ShiVa Localization

As we are nearing our first Steam release, we wanted to make a strong effort to localize our game in as many different languages as possible. This brought up an interesting problem involving workflow and tools that we’ve now solved and wanted to share. We wanted a solution that would allow:

  • Multiple translators to work on a shared document at the same time
  • Automated conversion from the spreadsheet to the XML files used by the game engine
  • Easy usage inside the game engine
  • Forward compatibility with ShiVa 2.0 and its ability to create in-engine add-ons in LUA

The solution I came up with is very simple and has 3 components to it. Only one of these components is specific to my favored game engine, the remaining components are generic and can be modified to suite any project.

Quick Links

Google Spreadsheet Template
Github Project (parser + ShiVa AI)
ShiVa ste

Overview

The workflow of this solution looks like this:

  1. Make a spreadsheet with all of your translations
  2. Export the spreadsheet as CSV
  3. Parse the CSV document into multiple XML documents, one for each language and file
  4. Read XML documents into the game engine and use the desired strings

The Spreadsheet

Check out and make a copy of the spreadsheet template to get started on your own translations.

The format of the spreadsheet is important. If it changes, the parser also needs to change. How the spreadsheet works is fairly intuitive and is probably easier done than said.

The localization spreadsheet

This spreadsheet is automatically translating english to all other languages using the function:

GoogleTranslate( text, sourceLanguage, destinationLanguage)

Look at the formula bar for any translated cell and you can see that I’ve defaulted the source language to english while pulling the destination language from the language code field on the top row. We all know how good/bad auto-translation is, love it or hate it, you decide on the quality of your translations.

Spreadsheet Instructions

  • Each filename entry must be preceded by an empty cell! If not, the parser will fail. Notice how the example has an empty cell before each filename. I’m fighting with the decision to make this text red and blinking to catch your attention.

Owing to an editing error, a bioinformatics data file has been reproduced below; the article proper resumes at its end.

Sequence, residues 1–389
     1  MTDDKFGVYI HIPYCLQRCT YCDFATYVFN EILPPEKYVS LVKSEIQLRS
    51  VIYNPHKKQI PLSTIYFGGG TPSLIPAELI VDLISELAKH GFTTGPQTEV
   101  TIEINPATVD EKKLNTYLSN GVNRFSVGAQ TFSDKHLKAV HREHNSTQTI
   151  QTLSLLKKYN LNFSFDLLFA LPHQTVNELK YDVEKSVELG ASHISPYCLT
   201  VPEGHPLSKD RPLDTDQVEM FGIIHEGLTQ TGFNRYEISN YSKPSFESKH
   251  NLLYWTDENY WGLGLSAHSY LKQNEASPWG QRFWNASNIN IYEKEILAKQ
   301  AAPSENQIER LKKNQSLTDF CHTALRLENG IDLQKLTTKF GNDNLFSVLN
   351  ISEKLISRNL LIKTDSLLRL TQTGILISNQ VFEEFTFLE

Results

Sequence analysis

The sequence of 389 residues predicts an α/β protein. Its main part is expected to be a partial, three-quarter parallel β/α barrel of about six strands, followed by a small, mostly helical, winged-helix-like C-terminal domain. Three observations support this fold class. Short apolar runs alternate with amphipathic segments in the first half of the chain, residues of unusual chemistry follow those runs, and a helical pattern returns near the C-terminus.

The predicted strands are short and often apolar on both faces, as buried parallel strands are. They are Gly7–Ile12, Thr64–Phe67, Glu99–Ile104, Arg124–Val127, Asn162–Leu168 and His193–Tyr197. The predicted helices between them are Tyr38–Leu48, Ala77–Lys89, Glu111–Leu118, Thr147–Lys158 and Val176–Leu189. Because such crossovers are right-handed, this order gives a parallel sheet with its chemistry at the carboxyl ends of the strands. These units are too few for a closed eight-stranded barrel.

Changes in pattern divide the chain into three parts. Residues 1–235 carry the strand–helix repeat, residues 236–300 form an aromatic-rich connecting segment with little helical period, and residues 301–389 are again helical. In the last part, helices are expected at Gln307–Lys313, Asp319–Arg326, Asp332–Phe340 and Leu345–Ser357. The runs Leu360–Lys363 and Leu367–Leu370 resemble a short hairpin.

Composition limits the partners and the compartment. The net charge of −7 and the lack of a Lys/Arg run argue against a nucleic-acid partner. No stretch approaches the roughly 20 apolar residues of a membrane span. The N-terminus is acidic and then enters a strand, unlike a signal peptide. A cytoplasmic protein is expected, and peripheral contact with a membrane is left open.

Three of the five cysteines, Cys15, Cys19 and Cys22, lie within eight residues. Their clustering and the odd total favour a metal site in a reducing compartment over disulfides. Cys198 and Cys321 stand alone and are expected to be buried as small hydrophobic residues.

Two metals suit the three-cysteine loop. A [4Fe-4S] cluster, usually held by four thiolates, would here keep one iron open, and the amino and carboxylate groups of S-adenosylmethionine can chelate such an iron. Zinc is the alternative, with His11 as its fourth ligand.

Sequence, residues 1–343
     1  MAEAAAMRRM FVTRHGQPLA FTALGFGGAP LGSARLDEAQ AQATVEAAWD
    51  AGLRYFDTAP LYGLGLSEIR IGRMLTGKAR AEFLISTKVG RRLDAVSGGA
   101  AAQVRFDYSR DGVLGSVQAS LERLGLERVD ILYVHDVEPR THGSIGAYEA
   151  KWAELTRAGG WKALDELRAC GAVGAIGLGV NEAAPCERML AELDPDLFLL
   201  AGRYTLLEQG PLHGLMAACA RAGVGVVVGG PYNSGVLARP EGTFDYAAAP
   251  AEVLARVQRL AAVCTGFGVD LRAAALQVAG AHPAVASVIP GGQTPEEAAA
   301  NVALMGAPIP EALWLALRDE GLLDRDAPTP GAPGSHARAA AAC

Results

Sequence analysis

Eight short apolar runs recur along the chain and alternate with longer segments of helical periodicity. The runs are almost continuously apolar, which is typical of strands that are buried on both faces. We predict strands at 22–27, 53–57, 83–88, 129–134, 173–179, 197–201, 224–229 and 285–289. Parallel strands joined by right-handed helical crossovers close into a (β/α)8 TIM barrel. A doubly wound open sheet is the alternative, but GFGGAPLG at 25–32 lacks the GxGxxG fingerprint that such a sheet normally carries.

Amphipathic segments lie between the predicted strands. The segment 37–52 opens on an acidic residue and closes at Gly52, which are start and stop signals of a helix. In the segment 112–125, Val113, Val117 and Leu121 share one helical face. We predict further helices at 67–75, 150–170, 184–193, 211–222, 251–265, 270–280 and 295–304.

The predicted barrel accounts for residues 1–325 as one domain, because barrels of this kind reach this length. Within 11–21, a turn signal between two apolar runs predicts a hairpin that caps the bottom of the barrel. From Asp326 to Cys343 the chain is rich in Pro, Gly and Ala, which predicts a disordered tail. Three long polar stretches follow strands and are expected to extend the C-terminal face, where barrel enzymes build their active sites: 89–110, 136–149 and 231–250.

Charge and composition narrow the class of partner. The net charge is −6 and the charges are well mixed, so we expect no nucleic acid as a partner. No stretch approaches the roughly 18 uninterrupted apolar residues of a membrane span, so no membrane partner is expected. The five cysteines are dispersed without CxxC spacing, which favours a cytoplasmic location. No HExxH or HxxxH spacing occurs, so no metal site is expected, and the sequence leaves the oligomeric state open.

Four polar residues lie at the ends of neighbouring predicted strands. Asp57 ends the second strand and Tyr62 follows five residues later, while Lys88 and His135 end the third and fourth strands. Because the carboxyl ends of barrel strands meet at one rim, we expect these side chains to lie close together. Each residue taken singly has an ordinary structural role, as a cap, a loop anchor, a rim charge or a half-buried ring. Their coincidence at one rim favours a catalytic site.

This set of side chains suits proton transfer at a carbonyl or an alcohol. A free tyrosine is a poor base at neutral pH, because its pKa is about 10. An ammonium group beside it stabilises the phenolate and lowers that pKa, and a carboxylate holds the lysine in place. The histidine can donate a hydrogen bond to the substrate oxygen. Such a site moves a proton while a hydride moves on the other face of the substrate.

• To add a new file, create an entry for the filename in column A (make sure there is an empty cell above the filename!). In the example, there are two files defined (MenuScreen and KeyBind). The bold font is cosmetic only, only the text is preserved when exported to CSV.
  • To add an entry to a file, define the desired string identifier below the filename. Examples for MenuScreen are title, start, options credits. These identifiers must be unique for each file. For example, it’s ok if every file has a title identifier, but there can’t be two title identifiers in the same file.
  • To set a translation, move right from each identifier, filling in the translation for the current column as you go.

The Parser

The parser is a small LUA script that lives in the csv-xml-i18n repo. The parser takes a CSV file as input. To generate a CSV file from Google Docs, select File -> Download As -> Comma-separated values.

If you don’t have LUA installed on your system, you’ll of course need that to run the code. You can then feed the parser your CSV file by passing the filename as the first argument:

lua csvToXml.lua test.csv

The result of running the script is that language files will be generated for each file and language defined. The naming convention is [filename]-[country code].xml.

The Game Engine

Download my ShiVa AI to easily implement localization in your game.

The I18N AI has the following features to make ShiVa localization a breeze:

A Simple Interface for Fetching Strings

getString (Filename.identifier)

Examples:

log.message ( I18N.getString ( "MenuScreen.title" ) -- prints "Awesome Game!"
log.message ( I18N.getString ( "KeyBind.jump" ) )   -- prints "Jump"
log.message ( I18N.getString ( "KeyBind.attack" ) ) -- prints "Attack"

Automatic XML Loading

The AI automatically loads the XML file matching the OS language. If your OS is set to french and you request a string from MenuScreen, it will first try to load MenuScreen-fr.xml. If it can’t find that file, it will fall back to MenuScreen-en.xml. The fallback language is english.

ShiVa Integration

To use the AI and XML files in your project, follow these simple steps:

  1. Add the XML files to your ShiVa project’s resources/XML folder (be careful of editing these files in the shiva editor, it may destroy the UTF-8ness)
  2. Drag the XML files into the resources tab for your project
  3. Import the I18N AI and add it as the first UserAI
  4. Use the getString function!

There is also a cleanup function that can be called <pre>I18N.cleanUp()</pre>  that empties out the hash table used to store the XML file contents. Use it when you want to clean up strings that won’t be used anymore.

Conclusion

This system is simple and it works. Follow the rules and it will work for you too. If you use this system, please let me know in the comments!

Published 11 April 2014
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